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Liquid medication in syringe

Tips to give your child right dose, type of over-the-counter medicine

November 1, 2021

The children’s medicine aisle has a dizzying array of over-the-counter (OTC) products. Whether you choose liquid medication, chewable tablets, pills, capsules or a powdered dissolve pack of medication, make sure your child gets the right amount.

How do you know the right dose of medicine to give to your infant or child? The answer depends on your child’s age, weight and symptoms.

The American Academy of Pediatrics (AAP) offers these tips to help your child get the right medicine in the right dose at the right time for his or her symptoms.

First, read the package. All OTC medicines have the same kind of label. If you know how much your child weighs, look for the dose by weight.

Your child’s weight in kilograms (kg) is different than your child’s weight in pounds (lbs). For example:

Kilograms (kg)

Pounds (lbs)

1 kg

2.2 lbs

5 kg

11 lbs

10 kg

22 lbs

15 kg

33 lbs

20 kg

44 lbs

If you do not know how much your child weighs, check the label for the dose by age. Not all children’s medications can be given to all ages.

The AAP urges parents and caregivers to call their pediatrician before giving OTC medicine to a child under age 2 or if their child is under 3 months old and has a fever.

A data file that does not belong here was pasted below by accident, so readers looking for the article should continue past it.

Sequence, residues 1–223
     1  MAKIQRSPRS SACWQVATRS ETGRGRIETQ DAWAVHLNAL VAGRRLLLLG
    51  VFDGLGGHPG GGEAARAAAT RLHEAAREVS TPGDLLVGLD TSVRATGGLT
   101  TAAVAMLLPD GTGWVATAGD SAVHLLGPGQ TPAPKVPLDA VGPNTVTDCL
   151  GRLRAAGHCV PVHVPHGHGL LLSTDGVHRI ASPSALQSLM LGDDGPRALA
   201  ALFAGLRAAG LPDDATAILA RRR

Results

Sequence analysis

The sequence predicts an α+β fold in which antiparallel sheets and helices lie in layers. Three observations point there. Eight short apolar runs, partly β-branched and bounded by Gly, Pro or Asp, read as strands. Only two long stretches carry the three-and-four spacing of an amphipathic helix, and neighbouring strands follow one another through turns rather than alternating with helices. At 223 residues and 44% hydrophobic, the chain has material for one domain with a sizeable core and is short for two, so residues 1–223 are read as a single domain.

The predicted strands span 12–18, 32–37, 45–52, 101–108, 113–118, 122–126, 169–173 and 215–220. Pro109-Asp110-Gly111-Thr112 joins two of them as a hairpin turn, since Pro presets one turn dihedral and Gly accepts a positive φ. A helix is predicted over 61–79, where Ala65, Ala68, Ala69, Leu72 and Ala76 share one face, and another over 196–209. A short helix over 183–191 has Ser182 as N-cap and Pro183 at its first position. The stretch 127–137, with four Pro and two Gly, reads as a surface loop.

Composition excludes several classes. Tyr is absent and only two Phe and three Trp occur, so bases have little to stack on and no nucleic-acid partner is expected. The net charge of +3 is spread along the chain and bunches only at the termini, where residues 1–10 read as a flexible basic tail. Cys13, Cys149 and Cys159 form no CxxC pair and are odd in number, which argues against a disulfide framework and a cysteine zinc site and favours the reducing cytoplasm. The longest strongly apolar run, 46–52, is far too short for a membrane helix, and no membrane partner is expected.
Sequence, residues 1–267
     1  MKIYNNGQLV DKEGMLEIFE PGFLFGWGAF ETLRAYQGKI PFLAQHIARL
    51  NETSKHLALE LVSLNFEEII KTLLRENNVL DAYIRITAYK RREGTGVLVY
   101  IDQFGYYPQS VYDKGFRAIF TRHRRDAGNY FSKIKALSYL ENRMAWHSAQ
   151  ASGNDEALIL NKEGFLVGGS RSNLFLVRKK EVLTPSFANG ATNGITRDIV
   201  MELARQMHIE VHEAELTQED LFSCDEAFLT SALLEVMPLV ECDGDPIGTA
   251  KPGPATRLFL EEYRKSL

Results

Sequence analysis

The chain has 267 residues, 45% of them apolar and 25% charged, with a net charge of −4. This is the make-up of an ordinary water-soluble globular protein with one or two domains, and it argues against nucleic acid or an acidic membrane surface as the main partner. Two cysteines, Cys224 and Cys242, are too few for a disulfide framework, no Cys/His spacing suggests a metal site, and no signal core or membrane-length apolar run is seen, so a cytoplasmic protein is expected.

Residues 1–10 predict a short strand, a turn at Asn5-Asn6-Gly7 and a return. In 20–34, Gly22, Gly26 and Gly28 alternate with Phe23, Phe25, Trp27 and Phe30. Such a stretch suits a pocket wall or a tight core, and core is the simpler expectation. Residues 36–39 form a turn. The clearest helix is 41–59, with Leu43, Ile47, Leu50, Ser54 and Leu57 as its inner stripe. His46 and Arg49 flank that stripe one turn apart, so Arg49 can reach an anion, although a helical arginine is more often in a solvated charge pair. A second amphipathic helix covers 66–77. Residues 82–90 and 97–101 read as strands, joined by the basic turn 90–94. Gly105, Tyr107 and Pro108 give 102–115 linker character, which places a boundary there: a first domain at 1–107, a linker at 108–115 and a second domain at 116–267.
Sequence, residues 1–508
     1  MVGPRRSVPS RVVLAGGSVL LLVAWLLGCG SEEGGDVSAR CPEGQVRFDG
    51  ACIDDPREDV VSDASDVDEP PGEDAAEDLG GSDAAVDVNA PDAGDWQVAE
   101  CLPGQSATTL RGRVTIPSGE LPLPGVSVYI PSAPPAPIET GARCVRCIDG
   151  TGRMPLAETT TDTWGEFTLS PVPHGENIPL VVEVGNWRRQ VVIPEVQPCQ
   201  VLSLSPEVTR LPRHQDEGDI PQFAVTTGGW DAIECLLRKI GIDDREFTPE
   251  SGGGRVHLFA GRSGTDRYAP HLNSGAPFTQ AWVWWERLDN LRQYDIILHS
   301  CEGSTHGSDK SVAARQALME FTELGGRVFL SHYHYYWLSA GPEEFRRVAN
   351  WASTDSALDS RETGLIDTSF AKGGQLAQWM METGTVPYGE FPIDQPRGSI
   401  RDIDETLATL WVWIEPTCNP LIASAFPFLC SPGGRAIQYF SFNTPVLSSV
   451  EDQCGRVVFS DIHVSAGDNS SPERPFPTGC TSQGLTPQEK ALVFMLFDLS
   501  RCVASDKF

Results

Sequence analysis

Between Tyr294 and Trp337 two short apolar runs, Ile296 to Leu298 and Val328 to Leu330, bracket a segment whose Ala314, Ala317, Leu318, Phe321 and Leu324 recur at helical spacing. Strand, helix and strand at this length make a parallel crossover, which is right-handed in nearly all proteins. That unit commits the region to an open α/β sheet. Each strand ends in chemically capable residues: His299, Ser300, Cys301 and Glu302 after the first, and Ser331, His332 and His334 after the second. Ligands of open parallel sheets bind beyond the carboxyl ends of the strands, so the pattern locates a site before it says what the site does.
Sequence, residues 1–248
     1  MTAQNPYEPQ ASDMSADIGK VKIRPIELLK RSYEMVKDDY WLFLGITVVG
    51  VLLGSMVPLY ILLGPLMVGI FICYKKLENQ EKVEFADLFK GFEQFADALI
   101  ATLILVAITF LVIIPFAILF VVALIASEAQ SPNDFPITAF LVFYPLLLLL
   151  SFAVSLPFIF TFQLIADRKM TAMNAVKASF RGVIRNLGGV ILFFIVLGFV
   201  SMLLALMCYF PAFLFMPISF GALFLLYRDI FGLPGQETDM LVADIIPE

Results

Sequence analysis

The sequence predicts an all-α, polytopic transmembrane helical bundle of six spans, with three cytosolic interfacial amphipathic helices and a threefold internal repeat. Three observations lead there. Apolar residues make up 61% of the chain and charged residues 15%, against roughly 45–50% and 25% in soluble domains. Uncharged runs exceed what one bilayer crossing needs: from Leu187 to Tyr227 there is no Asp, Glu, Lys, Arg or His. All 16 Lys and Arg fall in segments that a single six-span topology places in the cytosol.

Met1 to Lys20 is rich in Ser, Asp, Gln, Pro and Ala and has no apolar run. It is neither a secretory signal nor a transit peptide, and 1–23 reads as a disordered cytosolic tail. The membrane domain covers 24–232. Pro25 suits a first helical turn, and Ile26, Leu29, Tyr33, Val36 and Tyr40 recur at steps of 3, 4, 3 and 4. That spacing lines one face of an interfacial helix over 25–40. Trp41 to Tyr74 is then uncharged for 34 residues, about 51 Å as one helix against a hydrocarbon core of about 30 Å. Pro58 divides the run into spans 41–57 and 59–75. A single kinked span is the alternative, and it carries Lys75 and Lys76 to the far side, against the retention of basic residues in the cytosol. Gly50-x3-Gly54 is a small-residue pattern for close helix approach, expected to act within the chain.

For liquid medicine, use the dosing cup, spoon, dropper or syringe that came with the medicine. If a tool is not provided with the medicine bottle or you need a new one, ask your pharmacist or doctor. Never use a kitchen spoon to measure medicine.

Liquid medicine measurements may be on the label in milliliters (mL) and teaspoons. It is easier to measure the right amount with a dosing tool that uses milliliters.

Tablets, pills and dissolve powders are measured in milligrams (mg).

Each time you give your child medication, write down the time, amount and type of medicine.

Find dosing information from the AAP for acetaminophen (Tylenol), ibuprofen (Motrin, Advil) and diphenhydramine (Benadryl) at

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